According to Hagazussa: A Heathen’s Curse, the first feature-length film from director Lukas Feigelfeld, Austria’s hinterlands are streaked with clouds like too much milk poured into coffee, carpeted by an emerald canvas of grass and moss. If horror movies weren’t their business, then Feigelfeld and cinematographer Mariel Baqueiro could make a decent living shooting video diaries supporting Austria’s outdoor tourism industry. But horror is very much their gig, so the country’s natural beauty becomes a framework supporting a tale twice as disgusting.
Content warning for people with misgivings about cannibalism, vomit, organ splatter, maggoty mushrooms, sexual assault and infinitely worse: Hagazussa provides a minefield of triggers. It’s gross. It’s also stunning, a hypnotic recreation of its time and its place: 15th century Europe, a land cast into the dark ages long before the advent of the age of reason. In between unsettling and barefaced displays of noxious human ills and pseudo hallucinatory insanity, rests still frames so gorgeous they belong in their own art gallery tableau. Snapshots of Austria’s countryside megacosm center on Albrun (Alexsandra Cwen), a woman orphaned as a girl and still alone as an adult, who spends a majority of her time trudging through and taking respite in the forests of her homeland.
But Hagazussa’s idyllic appeal belies evil lurking in its frames, stalking Albrun like a basilisk, turning the woods she inhabits to stone. Albrun is marked from birth, doomed to alienation from and othering by her fellow man: As a child, depicted in the film’s opening chapter by Celina Peter, she and her mother, Martha (Claudia Martini), are harassed in dead of night by men disguised in fearsome horn-headed costumes, as concealing as they are intimidating. They’re infernally convinced Martha’s a witch. An hour and change later, the audience is given reason to wonder if they were right. To young Albrun, their incursions qualify as nightmares worse than those chronicled in fables.
In the present day narrative, the prejudice of her youth follows her. She’s harassed by snotty village boys, then spared their taunts by a seemingly benevolent woman, Swinda (Tanja Petrovsky), then manipulated into serving Swinda’s own perverse ends. If Albrun isn’t a witch, society does a bang-up job giving her incentive to reconsider the calling. Society, after all, has a gift for birthing its own worst enemies; it’d be impressive if it wasn’t so exasperating.
Viewers and critics whose self-proclaimed horror expertise dates back as far as 2015 will trace Hagazussa’s ancestry to Robert Eggers’ The Witch, though the comparison isn’t exactly unfair. (Of The Witch, Drew McWeeny described the film as “so suffocating at times that it feels like we’re watching something genuinely transgressive, something we should not be seeing.” He may wish he’d saved that line for Hagazussa, to which it’s even better suited.) The two films share DNA, made obvious through their “folk horror” genre crossover. But that family resemblance highlights only Eggers’ and Feigelfeld’s shared influences: F.W. Murnau, Andrei Tarkovsky, Ingmar Bergman and, perhaps, dashes of Mario Bava sprinkled on top for a bit of additional spiciness.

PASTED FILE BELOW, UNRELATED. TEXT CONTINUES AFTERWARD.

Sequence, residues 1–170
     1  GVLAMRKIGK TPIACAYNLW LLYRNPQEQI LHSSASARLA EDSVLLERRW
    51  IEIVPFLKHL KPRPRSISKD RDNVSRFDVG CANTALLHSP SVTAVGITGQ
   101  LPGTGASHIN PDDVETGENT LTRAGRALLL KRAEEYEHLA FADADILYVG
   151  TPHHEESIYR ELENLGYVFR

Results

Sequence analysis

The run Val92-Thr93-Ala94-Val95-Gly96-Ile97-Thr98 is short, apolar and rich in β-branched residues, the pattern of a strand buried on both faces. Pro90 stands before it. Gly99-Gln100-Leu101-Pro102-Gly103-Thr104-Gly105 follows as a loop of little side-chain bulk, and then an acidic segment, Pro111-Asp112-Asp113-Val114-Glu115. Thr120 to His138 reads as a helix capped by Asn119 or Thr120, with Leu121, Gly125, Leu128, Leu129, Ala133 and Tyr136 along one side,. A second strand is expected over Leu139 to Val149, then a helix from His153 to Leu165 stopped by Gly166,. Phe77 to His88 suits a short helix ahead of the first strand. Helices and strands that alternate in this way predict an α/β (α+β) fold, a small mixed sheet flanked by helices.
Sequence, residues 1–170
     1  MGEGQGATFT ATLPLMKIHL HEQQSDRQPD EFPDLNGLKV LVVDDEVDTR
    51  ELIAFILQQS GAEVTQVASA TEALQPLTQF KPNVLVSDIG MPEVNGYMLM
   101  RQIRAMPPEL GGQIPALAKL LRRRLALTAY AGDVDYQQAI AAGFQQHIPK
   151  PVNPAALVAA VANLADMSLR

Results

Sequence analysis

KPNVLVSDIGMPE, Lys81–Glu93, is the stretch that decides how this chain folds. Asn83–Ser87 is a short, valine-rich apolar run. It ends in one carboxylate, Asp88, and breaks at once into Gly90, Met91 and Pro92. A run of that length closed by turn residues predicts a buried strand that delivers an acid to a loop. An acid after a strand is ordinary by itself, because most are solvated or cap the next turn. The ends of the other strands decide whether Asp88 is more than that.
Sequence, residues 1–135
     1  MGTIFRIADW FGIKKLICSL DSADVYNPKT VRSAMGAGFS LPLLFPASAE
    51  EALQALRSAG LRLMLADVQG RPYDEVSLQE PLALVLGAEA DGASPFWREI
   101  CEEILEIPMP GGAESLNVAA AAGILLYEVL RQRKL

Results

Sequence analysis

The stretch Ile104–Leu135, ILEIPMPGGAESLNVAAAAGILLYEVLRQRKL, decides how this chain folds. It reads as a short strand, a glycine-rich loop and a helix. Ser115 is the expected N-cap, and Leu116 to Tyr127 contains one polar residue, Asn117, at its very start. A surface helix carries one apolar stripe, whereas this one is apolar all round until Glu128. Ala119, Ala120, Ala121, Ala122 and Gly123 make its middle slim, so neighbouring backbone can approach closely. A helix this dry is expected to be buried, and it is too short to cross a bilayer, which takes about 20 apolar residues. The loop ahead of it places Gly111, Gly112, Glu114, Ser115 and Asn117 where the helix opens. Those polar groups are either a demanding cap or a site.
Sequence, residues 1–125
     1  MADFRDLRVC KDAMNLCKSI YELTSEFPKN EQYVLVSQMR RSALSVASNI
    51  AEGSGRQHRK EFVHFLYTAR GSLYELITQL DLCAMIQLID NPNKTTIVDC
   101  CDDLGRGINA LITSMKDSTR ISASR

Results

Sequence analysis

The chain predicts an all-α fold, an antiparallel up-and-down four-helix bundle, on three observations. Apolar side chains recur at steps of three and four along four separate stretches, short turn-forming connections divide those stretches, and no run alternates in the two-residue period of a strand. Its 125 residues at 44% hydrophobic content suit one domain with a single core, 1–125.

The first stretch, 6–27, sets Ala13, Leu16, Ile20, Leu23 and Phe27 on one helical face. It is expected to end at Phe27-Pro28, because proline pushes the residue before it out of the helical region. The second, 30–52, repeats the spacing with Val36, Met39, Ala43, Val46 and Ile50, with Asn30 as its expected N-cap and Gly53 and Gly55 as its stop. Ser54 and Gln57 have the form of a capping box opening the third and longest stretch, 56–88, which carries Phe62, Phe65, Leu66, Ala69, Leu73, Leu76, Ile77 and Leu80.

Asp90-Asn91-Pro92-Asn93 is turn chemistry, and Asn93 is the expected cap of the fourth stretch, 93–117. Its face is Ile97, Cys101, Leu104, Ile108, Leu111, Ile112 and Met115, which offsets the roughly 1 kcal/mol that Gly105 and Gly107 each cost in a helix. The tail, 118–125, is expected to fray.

Feigelfeld couches Austrian history in escalating madness, set against the serenity of its backdrop and Cwen’s two-sided performance. Scene to scene, she plays either shy and guileless or wide-eyed and maniacal, alternating from alluring to alien sometimes in the exact same shot. Her work is deceptively straightforward as Feigelfeld’s and Baqueiro’s imagery: They both veil hidden terror beneath placid surfaces.
Hagazussa is further distinguished through a patina derived from David Lynch and Panos Cosmatos—slow, deliberate, perpetually unsettling. The film takes its time, but it drags the viewer along the way toward a mind-shattering oblivion. Are Albrun’s visions real, or figments of her imagination? Is witchery truly afoot, or is she just losing her marbles at the business end of ignorant mob persecution? The last of these is the only question with an emphatic “yes” answer, though the idea that the real monster here is Woman is pedantic bordering on boorish. Movies like this function because the monster exists, not simply because people historically treat outsiders like stray dogs at best, vermin at worst.
Director: Lukas Feigelfeld
Writer: Lukas Feigelfeld
Starring: Aleksandra Cwen, Celina Peter, Claudia Martini, Tanja Petrovsky, Haymon Maria Buttinger
Release Date: April 19, 2019
Boston-based culture writer Andy Crump has been writing about film and television online since 2009 (and music since 2018). You can follow him on Twitter and find his collected writing at his personal blog. He is composed of roughly 65% craft beer.